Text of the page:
Trustee's Complaint on JP Morgan
February 4, 2011
I have begun to read the newly unsealed complaint filed by the Trustee against JP Morgan Chase. When finished, I may or may not write about it -- I haven’t yet decided. But I do think that all of you should be given an opportunity to read the complaint’s (fairly dramatic) introduction, especially since the media seems to have missed (as usual) some significant aspects of it. I have therefore appended the first five pages of the complaint.
Irving H. Picard (“Trustee”), as trustee for the substantively consolidated liquidation of the business of Bernard L. Madoff Investment Securities LLC (“BLMIS”) under the Securities Investor Protection Act, 15 U.S.C. §§ 78aaa, et seq. (“SIPA”), and the estate of Bernard L. Madoff, by and through his undersigned counsel, as and for his Complaint against JPMorgan Chase & Co., JPMorgan Chase Bank, N.A., J.P. Morgan Securities LLC, and J.P. Morgan Securities Ltd. (collectively, “JPMC” or “Defendants”), states as follows:
NATURE OF THE ACTION
“‘But the Emperor has nothing on at all!!!’ said a little child.”
Hans Christian Andersen, The Emperor’s New Clothes
“For whatever it[’]s worth, I am sitting at lunch with [JPMC
Employee 1] who just told me that there is a well-known cloud over the
head of Madoff and that his returns are speculated to be part of a [P]onzi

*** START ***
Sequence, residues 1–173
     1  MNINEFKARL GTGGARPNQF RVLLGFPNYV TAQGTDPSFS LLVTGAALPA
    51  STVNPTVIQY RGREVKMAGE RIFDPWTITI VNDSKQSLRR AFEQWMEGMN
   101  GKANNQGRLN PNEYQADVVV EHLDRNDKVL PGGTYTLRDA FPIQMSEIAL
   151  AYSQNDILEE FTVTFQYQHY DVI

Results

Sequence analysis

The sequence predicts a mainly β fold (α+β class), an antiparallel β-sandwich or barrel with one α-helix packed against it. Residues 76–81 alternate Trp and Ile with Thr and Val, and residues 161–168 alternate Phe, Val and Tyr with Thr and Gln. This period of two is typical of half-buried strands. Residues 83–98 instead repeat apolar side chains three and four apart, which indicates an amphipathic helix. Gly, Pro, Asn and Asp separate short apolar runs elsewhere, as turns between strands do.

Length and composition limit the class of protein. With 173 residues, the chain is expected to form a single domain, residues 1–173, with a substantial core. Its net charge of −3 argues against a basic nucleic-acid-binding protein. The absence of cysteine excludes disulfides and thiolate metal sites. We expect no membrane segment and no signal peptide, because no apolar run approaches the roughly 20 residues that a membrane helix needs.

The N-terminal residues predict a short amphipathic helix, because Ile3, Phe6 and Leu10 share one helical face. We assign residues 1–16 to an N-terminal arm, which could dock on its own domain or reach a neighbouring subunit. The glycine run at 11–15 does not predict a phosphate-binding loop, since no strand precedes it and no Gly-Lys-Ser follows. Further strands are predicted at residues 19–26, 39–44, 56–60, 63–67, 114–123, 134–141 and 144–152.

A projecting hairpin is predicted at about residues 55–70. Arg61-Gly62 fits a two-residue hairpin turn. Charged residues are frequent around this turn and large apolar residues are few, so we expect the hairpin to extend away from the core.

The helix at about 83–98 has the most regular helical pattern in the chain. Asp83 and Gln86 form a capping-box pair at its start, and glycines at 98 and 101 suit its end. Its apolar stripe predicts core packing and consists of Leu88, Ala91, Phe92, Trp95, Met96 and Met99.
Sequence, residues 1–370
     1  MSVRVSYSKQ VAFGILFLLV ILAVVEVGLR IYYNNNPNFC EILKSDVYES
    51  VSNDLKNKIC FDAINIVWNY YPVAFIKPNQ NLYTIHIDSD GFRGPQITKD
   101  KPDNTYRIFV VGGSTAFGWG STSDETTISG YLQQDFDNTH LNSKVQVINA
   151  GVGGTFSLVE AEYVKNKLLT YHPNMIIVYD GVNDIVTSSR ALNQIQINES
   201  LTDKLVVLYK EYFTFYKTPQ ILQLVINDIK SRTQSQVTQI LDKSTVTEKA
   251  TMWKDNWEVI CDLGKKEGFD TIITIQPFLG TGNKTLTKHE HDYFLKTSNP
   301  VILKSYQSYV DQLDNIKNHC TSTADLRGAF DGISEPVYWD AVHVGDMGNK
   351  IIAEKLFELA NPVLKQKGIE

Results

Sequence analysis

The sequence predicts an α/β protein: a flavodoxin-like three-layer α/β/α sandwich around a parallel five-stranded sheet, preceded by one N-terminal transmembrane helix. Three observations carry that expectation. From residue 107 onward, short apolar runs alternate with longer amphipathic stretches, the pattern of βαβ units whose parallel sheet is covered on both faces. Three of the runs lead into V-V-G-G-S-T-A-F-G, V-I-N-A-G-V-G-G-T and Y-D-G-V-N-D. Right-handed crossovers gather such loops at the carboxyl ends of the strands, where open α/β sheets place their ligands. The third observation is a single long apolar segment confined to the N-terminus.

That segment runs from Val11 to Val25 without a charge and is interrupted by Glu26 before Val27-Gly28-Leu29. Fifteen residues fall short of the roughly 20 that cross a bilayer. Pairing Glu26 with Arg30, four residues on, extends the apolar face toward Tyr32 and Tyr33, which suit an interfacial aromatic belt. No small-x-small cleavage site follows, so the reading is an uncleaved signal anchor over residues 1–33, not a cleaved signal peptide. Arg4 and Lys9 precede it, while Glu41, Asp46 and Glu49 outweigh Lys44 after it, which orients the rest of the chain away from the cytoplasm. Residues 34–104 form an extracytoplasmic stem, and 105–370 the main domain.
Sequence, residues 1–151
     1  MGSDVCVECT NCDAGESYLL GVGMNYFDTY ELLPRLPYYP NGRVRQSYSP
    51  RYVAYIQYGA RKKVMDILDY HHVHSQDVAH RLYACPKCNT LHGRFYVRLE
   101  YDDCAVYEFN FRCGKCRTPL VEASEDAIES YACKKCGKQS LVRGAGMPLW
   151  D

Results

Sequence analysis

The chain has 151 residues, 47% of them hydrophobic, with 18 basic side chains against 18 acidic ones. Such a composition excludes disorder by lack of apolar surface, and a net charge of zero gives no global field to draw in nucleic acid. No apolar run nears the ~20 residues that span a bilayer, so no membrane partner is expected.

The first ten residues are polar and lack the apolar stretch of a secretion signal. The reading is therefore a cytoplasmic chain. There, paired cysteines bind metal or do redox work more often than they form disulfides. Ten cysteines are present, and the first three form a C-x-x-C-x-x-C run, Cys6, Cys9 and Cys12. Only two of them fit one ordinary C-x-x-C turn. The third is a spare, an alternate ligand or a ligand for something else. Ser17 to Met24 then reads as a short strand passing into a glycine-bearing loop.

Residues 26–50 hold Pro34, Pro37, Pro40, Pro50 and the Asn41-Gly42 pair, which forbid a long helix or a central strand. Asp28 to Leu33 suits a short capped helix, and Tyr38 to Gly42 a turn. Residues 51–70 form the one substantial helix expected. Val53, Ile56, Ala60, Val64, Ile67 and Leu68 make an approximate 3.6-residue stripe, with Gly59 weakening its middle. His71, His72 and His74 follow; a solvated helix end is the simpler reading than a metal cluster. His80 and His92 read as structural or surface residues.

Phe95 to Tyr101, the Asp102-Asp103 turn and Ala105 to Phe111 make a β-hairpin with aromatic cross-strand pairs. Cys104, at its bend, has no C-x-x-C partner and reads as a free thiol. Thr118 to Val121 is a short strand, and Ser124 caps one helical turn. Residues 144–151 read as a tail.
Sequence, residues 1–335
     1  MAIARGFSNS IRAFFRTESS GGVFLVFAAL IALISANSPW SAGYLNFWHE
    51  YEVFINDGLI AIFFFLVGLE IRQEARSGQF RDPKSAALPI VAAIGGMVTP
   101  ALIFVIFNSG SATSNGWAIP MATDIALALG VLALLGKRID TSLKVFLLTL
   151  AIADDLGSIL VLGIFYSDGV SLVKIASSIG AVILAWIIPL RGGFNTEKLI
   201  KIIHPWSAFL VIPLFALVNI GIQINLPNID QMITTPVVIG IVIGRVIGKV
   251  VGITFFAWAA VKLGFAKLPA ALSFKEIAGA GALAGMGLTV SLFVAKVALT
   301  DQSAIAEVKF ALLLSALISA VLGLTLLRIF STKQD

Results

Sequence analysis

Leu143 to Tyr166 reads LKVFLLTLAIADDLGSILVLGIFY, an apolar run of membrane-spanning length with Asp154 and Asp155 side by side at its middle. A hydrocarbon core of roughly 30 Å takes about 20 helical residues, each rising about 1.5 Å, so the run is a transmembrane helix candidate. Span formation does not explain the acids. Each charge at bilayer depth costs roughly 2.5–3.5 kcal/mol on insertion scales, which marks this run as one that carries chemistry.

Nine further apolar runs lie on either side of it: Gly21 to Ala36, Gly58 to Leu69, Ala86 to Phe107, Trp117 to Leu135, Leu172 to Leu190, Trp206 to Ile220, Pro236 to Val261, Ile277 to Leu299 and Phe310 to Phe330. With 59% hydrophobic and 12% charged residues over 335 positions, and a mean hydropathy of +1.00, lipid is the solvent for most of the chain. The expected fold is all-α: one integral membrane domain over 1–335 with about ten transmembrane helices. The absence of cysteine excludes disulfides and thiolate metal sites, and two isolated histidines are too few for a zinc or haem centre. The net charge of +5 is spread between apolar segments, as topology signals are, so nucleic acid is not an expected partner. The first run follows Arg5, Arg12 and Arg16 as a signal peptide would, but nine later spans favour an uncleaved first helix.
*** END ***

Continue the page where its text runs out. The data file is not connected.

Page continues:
[JPMC Employee 2], Risk Officer, Investment
Bank, JPMC, June 15, 2007
1. The story has been told time and time again how Madoff duped the best and the
brightest in the investment community. The Trustee’s investigation reveals a very different story—the story of financial institutions worldwide that were keen to the likely fraud, and decidedly turned a blind eye to it. While numerous financial institutions enabled Madoff’s fraud, JPMC was at the very center of that fraud, and thoroughly complicit in it.
2. JPMC was BLMIS’s primary banker for over 20 years, and was responsible for
knowing the business of its customers—in this case, a very large customer. JPMC is a
sophisticated financial institution, and it was uniquely situated to see the likely fraud. Billions of dollars flowed through BLMIS’s account at JPMC, the so-called “703 Account,” but virtually none of it was used to buy or sell securities as it should have been had BLMIS been legitimate. But if those large transactions that did not jibe with any legitimate business purpose triggered any warnings, they were suppressed as the drive for fees and profits became a substitute for common sense, ethics and legal obligations. It is estimated that JPMC made at least half a billion dollars in fees and profits off the backs of BLMIS’s victims, and is responsible for at least $5.4 billion in damages for its role in allowing the Ponzi scheme to continue unabated for years, with an exact amount to be determined at trial.